Here is the AlterNet article.

Kids Tagged With RFID Chips? The Creepy New Technology Schools Use to Track Everything Kids Do — And the Profit Motive Behind It

Who Owns the Fusion Centers?

Kaye Beach

Jan 15, 2012

Part II

This is Part II of my ongoing dissertation on Fusion Centers and the work they do.  You can read Part I, Intelligence Led Policing and Fusion Centers: How the IACP Helped the USA to Cross the Rubicon, which dealt with the flawed and dangerous philosophy of preemptive or Intelligence Led Policing that makes the whole domestic terrorism apparatus, including fusion centers such a threat to the liberties of everyone.

In Part II I am going to explain what the centers really do and who is in control of them and how.

Fusion Centers-State of Federal?

It is all about collecting the data and getting it to the federal government.  The most important function of Fusions Centers is also the most invisible portion of their work; the computer networks and information sharing that takes place through those networks.

Despite claims that the Fusion Centers were created by the states, the truth is that the modern day fusion centers were born of policy established at the federal level and they are largely funded, staffed and  trained by representatives of federal agencies.  The federal government likes to claim that the states are partners with the federal government in this and other programs like it.

Question: If I set the rules and I pay the bills and I own the house that you are currently residing in, are you really my partner?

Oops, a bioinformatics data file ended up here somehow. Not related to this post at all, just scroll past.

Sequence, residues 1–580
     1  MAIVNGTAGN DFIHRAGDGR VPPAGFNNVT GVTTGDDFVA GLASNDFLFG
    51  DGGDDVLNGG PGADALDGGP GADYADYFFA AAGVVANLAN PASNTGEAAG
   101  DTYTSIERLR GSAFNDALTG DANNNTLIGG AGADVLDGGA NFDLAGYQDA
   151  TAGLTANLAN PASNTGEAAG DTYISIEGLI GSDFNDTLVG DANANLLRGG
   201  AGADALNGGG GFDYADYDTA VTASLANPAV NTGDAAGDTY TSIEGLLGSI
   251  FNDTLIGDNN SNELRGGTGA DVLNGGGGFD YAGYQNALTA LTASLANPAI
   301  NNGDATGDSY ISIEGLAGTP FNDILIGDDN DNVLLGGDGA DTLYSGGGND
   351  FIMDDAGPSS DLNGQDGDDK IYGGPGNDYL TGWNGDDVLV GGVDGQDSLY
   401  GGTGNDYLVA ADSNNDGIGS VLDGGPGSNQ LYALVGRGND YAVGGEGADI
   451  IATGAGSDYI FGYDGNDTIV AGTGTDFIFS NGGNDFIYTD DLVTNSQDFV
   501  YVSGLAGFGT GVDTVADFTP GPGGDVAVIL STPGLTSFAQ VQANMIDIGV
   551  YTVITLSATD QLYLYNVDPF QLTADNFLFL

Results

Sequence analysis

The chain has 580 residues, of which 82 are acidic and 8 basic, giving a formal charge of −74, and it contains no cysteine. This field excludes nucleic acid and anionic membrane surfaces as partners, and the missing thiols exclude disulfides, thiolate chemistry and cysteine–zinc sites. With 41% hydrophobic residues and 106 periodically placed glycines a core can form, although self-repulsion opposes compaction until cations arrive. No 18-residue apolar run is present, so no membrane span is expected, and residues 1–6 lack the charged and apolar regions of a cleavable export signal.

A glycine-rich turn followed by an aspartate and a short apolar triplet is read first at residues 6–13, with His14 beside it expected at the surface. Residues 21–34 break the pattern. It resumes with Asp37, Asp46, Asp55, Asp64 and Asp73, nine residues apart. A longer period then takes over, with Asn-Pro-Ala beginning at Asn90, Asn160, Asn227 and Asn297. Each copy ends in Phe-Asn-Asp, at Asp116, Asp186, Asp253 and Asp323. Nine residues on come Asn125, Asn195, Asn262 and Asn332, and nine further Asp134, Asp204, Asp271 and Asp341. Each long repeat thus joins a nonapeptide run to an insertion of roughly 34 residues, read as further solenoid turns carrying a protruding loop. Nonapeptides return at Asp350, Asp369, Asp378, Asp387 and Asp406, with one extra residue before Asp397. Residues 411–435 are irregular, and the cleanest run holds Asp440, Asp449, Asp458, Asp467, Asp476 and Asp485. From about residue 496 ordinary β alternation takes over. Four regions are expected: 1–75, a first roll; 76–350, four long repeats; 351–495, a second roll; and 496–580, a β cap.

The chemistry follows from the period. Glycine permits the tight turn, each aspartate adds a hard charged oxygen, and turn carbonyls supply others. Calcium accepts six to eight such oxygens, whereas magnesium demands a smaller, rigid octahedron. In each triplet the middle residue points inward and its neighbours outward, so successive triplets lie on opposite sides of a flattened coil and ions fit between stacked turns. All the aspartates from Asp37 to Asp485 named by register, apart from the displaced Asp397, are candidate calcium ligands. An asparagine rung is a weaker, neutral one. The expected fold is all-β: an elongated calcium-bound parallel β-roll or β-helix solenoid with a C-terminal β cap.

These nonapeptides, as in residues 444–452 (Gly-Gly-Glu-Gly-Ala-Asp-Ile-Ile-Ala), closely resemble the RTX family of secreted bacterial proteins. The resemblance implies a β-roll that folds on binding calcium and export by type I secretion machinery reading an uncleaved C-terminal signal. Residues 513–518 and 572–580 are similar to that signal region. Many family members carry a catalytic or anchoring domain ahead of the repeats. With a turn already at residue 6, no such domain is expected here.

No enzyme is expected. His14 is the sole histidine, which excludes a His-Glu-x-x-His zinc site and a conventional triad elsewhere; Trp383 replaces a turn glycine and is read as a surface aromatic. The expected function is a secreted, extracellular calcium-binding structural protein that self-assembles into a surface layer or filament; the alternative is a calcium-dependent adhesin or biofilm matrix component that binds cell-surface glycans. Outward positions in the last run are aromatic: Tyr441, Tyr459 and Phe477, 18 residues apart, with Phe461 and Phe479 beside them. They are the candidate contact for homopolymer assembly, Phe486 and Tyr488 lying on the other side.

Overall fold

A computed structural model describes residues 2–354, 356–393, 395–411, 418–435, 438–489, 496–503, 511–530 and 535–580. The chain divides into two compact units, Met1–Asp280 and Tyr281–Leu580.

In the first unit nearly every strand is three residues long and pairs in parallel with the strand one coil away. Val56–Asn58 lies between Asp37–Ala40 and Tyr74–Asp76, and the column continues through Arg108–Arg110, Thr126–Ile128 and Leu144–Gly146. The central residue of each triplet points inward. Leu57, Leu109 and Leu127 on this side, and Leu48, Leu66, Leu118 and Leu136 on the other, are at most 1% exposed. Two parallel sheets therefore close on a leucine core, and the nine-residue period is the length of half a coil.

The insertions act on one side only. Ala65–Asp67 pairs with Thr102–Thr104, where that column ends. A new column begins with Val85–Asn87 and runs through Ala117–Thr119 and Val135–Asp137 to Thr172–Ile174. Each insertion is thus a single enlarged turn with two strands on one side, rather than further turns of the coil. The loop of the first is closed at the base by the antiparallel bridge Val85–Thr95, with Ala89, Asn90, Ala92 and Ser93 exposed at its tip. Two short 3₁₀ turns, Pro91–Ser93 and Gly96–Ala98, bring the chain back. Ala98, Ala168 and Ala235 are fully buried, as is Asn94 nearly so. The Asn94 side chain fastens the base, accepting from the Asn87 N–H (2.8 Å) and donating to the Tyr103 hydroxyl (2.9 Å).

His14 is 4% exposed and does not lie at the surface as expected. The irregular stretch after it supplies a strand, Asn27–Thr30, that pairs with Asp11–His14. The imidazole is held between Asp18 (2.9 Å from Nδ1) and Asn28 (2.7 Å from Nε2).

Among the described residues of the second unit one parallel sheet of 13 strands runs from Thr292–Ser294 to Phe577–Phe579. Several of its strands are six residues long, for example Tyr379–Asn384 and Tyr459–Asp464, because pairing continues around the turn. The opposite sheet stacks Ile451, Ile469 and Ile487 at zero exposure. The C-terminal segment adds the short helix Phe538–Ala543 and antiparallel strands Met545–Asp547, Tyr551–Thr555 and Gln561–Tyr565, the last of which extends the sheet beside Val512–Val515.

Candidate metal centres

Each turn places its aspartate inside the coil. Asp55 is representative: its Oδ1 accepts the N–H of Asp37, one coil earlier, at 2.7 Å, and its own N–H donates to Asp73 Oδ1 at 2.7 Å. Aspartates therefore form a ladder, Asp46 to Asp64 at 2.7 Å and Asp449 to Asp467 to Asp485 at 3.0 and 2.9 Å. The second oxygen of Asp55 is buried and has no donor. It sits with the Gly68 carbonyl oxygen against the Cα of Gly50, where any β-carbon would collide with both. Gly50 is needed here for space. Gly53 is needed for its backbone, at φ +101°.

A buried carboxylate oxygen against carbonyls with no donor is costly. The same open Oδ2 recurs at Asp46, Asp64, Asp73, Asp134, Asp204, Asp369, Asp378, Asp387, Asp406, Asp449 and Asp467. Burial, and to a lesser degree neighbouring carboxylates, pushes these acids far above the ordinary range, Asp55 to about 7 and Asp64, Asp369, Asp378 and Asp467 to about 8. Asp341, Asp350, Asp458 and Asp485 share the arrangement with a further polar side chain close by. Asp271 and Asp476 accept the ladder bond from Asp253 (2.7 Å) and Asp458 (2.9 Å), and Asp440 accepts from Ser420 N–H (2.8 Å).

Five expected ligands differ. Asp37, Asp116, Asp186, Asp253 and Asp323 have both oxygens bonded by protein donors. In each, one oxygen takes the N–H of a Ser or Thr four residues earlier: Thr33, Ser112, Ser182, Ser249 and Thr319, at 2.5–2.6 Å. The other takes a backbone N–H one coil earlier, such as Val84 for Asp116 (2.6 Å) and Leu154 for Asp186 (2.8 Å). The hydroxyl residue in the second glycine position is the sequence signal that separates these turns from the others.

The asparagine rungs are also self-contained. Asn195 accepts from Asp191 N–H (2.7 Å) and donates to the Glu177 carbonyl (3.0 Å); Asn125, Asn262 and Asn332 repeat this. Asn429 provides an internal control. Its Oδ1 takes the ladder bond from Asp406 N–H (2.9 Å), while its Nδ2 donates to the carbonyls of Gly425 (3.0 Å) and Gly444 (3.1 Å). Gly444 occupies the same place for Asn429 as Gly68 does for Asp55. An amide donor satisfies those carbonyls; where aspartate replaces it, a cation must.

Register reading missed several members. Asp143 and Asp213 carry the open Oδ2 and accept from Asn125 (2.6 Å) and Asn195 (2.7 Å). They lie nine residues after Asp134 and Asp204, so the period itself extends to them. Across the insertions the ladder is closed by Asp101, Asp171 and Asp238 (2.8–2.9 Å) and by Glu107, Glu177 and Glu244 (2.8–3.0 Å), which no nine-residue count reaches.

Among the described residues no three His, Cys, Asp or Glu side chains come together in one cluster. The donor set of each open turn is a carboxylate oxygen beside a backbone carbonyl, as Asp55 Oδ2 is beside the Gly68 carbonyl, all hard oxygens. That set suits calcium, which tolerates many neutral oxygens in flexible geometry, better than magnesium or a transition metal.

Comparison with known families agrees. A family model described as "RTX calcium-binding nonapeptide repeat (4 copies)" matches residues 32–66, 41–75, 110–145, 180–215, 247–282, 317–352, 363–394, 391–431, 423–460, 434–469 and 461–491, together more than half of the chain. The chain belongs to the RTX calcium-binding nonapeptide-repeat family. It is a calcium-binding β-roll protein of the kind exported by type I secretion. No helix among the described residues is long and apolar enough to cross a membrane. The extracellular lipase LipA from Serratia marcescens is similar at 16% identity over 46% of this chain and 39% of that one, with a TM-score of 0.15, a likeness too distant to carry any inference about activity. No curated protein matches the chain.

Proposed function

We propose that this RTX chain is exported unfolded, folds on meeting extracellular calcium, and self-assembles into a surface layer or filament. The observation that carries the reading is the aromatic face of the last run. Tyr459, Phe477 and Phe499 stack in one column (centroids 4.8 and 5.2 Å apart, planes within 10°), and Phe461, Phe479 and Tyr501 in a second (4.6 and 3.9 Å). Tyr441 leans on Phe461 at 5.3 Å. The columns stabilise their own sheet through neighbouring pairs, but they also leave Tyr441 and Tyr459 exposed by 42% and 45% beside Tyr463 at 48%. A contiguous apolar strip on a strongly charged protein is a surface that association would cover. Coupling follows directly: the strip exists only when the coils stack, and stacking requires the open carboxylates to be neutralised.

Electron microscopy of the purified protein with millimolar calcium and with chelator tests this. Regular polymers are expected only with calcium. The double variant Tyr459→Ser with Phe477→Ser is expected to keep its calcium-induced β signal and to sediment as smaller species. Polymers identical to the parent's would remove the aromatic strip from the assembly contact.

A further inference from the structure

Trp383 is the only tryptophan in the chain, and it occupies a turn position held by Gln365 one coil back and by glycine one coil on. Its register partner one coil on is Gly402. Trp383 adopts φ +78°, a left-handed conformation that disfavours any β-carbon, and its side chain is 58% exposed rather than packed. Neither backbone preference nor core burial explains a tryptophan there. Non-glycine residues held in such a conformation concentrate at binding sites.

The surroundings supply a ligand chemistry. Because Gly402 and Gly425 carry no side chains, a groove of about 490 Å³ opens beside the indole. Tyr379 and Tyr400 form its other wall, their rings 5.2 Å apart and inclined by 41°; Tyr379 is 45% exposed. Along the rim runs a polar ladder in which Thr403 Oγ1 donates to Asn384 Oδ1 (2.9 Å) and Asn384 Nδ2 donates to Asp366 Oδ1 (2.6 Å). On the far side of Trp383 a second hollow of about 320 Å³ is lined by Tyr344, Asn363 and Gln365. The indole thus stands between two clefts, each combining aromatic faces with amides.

Answer: only to the degree that I am willing to pretend that you are.

When it comes to state fusion centers, the federal government has been paying the bills, they set the rules and they own the house.

Paying the Bills-Federal Funding

Since 2003 the Department of Homeland Security has given $31 billion dollars to the state and local governments.

3.8 billion was given to the states in 2010 alone.  The programs funded by the DHS, largely focus on countering terrorism but also on natural and man-made disasters are required to be tuned to DHS dictates.  According to the Government Accountability Office, Fusion centers have been received $426 million in general grant funding from fiscal 2004 through fiscal 2009.  Stating the obvious about money and control, “You take the king’s shilling, you become the king’s man”—Tom Cole

This  news article published Nov 27, 2011, Oklahoma’s fusion center has a broad role these daysmakes who is paying the bills pretty clear.

Oklahoma’s federally funded information fusion center has a broader role today than it did when it began operations four years ago.

. . .Oklahoma’s fusion center is housed inside the Oklahoma State Bureau of Investigation‘s headquarters, 6600 N Harvey Place, and includes a secured room where secret information from the federal government is received.
. . .A central office includes a small room filled with monitors and TV screens, relaying data to an analyst. Its operations are funded, for the most part, by grants from the U.S. Department of Homeland Security.